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Stump to Pump programme receives PGP funding boost

Published: Thu 25 Jul 2013 03:21 PM
25 July 2013
Stump to Pump programme receives PGP funding boost
An innovation programme that will pave the way for generating more value from forestry waste by converting it to liquid biofuels is to receive government funding through the Primary Growth Partnership.
The Ministry for Primary Industries (MPI) has approved co-funding of $6.75 million for the 14-month ‘Stump to Pump’ PGP programme.
Stump to Pump partners Norske Skog and Z Energy will match funding of $6.75 million, bringing the project’s total funding to $13.5 million.
This relatively short-term PGP programme will study the feasibility, including the cost-effectiveness, of making biofuel from forestry waste. It will determine the commercial viability of establishing a modular test plant to process New Zealand forest waste into sustainable transport fuel.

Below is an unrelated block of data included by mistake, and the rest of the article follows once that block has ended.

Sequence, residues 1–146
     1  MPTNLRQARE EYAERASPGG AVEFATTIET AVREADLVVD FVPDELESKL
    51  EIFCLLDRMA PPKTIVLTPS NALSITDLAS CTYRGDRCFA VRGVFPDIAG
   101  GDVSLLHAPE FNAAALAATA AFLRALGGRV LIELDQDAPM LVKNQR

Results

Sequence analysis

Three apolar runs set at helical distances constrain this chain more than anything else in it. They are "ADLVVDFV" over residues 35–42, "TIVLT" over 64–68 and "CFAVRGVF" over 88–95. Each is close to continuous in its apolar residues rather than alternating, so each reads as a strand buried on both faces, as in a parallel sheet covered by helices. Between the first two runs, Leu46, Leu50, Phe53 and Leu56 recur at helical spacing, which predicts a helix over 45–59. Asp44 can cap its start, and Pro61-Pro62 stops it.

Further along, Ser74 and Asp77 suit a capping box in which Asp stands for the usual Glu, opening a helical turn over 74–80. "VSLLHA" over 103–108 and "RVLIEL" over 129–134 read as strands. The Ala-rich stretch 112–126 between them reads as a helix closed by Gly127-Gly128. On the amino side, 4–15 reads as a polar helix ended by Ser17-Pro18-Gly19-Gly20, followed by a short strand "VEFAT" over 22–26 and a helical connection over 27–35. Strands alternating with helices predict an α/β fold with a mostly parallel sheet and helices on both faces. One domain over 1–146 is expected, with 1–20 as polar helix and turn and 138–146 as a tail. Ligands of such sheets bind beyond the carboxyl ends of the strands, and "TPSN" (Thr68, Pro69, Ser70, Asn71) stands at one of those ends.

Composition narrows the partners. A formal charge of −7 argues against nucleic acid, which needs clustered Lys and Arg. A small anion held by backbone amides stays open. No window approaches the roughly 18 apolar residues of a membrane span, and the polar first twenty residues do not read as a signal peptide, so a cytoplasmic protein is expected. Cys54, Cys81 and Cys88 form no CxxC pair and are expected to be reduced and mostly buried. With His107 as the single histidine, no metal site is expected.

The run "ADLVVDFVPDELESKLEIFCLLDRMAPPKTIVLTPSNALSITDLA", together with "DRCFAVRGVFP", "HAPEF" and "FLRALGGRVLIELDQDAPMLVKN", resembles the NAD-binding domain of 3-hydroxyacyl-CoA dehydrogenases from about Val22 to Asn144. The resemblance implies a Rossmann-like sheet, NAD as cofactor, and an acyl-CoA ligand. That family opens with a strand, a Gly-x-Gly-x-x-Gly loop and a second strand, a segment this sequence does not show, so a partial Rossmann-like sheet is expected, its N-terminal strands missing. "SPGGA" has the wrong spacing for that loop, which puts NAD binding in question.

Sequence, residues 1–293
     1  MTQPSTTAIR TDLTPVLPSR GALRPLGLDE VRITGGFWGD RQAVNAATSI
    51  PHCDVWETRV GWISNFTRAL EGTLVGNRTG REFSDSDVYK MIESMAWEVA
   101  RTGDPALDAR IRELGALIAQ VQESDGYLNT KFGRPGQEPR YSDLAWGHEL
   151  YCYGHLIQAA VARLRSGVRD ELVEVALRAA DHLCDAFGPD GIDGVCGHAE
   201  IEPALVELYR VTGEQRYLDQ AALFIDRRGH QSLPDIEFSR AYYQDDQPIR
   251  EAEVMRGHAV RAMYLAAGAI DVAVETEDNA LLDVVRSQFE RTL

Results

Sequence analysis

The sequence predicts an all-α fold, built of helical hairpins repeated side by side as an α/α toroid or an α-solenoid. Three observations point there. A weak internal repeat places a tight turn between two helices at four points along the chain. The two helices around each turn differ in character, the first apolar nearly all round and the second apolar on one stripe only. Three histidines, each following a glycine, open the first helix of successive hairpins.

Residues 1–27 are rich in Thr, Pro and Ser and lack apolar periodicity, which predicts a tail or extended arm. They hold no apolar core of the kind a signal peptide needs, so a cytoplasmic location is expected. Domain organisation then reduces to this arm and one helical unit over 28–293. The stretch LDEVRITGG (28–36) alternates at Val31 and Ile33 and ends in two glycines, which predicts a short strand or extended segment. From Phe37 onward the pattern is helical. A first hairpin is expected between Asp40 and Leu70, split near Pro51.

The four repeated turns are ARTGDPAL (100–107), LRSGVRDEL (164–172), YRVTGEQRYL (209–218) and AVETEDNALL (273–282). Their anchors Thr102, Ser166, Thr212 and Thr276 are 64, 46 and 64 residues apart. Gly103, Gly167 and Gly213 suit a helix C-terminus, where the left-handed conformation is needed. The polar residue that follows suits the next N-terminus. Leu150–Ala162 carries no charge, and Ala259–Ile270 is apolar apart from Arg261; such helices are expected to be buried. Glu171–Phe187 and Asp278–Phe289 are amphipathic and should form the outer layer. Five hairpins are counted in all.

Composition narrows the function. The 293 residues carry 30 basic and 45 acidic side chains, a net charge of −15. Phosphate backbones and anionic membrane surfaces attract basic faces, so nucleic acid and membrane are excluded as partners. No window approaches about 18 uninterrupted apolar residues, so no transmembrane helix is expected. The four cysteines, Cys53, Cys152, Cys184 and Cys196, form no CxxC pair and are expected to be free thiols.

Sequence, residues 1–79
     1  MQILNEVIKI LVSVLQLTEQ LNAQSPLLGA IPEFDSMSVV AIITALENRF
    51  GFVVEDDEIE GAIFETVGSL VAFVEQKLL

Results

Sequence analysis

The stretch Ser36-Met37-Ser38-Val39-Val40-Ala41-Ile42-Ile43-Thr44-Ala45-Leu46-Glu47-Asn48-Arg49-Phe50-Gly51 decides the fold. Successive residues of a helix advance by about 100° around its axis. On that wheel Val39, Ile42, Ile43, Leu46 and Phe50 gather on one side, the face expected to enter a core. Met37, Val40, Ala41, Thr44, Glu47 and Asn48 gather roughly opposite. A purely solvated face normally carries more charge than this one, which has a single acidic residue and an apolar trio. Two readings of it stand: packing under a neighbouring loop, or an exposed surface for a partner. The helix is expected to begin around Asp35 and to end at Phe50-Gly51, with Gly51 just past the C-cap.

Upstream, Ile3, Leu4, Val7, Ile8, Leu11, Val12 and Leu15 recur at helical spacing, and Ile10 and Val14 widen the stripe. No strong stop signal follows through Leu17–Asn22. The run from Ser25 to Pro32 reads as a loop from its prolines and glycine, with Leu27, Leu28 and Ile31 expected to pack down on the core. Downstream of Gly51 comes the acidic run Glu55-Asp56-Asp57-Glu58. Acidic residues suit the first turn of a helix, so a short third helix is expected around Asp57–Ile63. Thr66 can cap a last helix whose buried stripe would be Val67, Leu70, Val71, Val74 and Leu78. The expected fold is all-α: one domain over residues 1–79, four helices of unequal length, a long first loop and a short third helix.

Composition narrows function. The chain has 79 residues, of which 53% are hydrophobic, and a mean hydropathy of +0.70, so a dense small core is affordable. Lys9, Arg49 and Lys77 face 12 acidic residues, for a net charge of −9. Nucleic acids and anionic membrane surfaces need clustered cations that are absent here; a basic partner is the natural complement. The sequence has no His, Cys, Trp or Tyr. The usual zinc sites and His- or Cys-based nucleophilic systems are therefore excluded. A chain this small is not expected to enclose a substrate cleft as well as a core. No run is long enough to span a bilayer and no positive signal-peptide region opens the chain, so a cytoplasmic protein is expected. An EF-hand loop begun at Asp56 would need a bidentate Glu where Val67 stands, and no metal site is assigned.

Currently, the material left over after harvesting and processing, such as sawdust, bark and harvest residue, has little or no value.
“If this material can be used commercially, then we can maximise the value of every tree harvested to the benefit of our primary sector and our economy,” says MPI’s Acting Director-General Roger Smith.
"If this technology can be commercialised, the estimated economic benefit for New Zealand over the next 20–25 years is an annual increase in GDP of up to $1 billion and the creation of 1,200 direct jobs.”
“The biofuel plant that we’re investigating could potentially process around 50,000 tonnes of forest waste per annum and cost in the order of $80-$100 million,” says Peter McCarty of Norske Skog. “Such a plant would take the industry to the next level in its goal of commercialising this new technology.”
“There are also significant sustainability and environmental benefits”, says Z Energy Chief Executive Mike Bennetts. “Z is committed to renewable transport fuels being available to New Zealanders and New Zealand businesses. This project is an opportunity to explore a value chain that could deliver large volumes of biofuels for New Zealand over the long term.”
END

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